What is Reputational Risk?

Learn about Reputational Risk with Xcuse me!

Case Breakdown: Movie Xcuse Me

The scene that you just saw shows how a queen of Janakpur falls down in a Hotel and blames the floor of the hotel for being slippery. She threatens to sue the hotel which causes panic amongst the hotel staff.

A court case on a hotel by a royal Queen (Rani) can be a major reputational risk for the hotel. This can lead to sales of the hotel falling drastically as people would choose to not visit the hotel.

Understanding the implications of this, the manager of the hotel offers a complimentary stay for the queen in the Royal suite. He also offers free sightseeing, food, etc. What they aren’t aware of is that she isn’t a real queen but posing to be one.

The manager tries his best to mitigate the risk to the reputation of the company by adopting control measures. This blog, Learning Perspectives will explore the meaning of reputation risk.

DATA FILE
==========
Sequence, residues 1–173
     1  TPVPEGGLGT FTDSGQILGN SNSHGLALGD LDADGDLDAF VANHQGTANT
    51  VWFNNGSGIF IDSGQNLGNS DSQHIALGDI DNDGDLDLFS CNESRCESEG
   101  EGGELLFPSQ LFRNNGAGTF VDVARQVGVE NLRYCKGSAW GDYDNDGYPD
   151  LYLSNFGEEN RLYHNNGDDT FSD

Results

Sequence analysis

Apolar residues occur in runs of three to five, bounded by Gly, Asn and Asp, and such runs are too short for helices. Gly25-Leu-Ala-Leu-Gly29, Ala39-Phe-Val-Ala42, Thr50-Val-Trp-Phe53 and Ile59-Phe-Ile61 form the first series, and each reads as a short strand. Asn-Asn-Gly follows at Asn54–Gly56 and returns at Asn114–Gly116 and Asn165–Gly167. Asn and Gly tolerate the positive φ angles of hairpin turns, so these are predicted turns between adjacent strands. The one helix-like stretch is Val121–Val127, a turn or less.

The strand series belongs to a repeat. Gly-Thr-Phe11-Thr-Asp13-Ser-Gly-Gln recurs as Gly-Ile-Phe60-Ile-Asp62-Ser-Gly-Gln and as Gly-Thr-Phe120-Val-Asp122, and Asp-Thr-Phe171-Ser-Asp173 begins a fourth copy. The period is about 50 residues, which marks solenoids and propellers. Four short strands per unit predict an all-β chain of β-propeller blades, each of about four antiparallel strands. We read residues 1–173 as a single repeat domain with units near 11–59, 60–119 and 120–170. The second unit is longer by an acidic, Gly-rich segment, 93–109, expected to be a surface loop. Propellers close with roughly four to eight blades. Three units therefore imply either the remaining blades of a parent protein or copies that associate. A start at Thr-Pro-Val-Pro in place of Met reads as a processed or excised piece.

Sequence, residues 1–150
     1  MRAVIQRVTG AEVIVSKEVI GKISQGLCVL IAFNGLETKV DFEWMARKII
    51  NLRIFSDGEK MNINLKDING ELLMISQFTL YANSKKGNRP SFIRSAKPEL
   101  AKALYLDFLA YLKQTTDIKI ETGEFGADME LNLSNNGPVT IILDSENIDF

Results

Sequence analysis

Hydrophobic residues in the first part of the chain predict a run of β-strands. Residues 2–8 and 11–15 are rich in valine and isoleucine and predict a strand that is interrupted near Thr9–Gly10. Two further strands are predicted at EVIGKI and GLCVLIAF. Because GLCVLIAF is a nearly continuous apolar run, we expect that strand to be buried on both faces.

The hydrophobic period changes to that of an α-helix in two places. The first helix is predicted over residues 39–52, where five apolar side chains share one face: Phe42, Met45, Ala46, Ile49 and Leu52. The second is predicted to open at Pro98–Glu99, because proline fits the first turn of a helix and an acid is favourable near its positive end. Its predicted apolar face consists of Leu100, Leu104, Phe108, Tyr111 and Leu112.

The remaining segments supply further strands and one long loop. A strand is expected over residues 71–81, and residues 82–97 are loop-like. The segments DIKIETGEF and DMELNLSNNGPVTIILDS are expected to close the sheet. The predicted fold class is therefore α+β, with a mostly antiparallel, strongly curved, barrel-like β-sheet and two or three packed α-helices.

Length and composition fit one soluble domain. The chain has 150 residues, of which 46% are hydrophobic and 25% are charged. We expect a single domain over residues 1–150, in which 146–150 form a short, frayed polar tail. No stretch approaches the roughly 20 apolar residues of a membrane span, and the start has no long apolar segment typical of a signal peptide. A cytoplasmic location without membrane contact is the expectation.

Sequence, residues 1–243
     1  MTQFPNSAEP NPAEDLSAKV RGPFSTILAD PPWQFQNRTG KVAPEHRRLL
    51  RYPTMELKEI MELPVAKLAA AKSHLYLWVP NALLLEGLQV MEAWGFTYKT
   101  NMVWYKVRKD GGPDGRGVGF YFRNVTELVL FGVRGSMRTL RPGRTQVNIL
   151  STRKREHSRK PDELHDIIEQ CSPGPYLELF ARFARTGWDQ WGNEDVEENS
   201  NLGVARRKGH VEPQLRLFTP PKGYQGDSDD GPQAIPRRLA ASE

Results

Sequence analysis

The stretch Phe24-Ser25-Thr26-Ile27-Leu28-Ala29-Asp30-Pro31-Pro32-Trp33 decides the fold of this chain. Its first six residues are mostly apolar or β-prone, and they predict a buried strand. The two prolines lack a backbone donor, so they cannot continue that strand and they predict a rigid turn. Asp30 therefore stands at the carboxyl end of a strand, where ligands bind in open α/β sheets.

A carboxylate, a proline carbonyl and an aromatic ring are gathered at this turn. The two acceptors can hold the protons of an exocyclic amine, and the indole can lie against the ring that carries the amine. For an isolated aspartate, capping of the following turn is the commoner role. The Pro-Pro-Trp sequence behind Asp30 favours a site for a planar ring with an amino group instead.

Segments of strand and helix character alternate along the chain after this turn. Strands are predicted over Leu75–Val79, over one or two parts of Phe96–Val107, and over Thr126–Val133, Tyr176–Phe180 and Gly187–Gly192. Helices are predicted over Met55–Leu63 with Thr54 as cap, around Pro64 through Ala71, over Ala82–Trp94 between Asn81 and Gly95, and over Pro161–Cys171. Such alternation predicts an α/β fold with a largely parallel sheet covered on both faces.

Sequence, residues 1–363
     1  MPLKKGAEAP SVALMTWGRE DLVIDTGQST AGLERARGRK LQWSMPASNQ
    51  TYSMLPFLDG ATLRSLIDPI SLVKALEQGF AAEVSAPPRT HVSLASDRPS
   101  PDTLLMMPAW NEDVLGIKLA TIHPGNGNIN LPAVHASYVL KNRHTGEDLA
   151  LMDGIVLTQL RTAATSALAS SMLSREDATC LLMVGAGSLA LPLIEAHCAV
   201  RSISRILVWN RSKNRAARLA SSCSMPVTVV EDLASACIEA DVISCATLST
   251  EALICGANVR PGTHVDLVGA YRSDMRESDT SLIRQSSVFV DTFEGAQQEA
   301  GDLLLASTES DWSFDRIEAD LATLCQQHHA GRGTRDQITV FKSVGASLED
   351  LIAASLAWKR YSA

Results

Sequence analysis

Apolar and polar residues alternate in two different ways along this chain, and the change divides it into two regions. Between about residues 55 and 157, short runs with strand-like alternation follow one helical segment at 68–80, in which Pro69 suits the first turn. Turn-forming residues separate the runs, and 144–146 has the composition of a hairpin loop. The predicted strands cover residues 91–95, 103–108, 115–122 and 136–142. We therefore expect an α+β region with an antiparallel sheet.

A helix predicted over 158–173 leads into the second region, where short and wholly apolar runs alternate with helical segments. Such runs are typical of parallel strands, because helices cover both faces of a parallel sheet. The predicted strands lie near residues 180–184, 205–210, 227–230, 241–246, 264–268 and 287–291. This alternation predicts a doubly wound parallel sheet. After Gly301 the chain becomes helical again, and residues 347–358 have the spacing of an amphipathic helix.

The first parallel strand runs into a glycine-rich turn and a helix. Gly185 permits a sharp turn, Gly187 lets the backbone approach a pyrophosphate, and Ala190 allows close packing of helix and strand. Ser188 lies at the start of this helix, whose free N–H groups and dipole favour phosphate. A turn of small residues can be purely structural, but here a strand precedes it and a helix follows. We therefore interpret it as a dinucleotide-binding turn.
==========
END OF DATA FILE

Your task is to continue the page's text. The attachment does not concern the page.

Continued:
What is Reputational Risk?

Reputational Risk is the biggest risk that an organization faces. It can decrease sales and wipe away credibility built over ages. It can have a financial impact that can cause irrecoverable damage.

Reputational risk includes harm to the name of the company. It is one of the biggest dangers that all businesses face. With the advent of social marketing, this risk has doubled. Any unhappy customer can post on social media and the post can become viral in seconds. Reputational risk can come out of nowhere. This puts the company at a major risk.

Example of Reputational Risk

Facebook faced a reputation risk when profiles of many users were allegedly sold to a London-based consultancy called Cambridge Analytica. Millions of people having accounts on facebook across the globe were outraged with privacy concerns. Mark Zuckerberg later said, “We have a responsibility to protect your data, and if we can’t then we don’t deserve to serve you. I’ve been working to understand exactly what happened and how to make sure this doesn’t happen again.” Later, Zuckerberg appeared before a joint hearing of the Senate Judiciary and Commerce Committee.

The reputation of a business is built over time while it can be lost in seconds.

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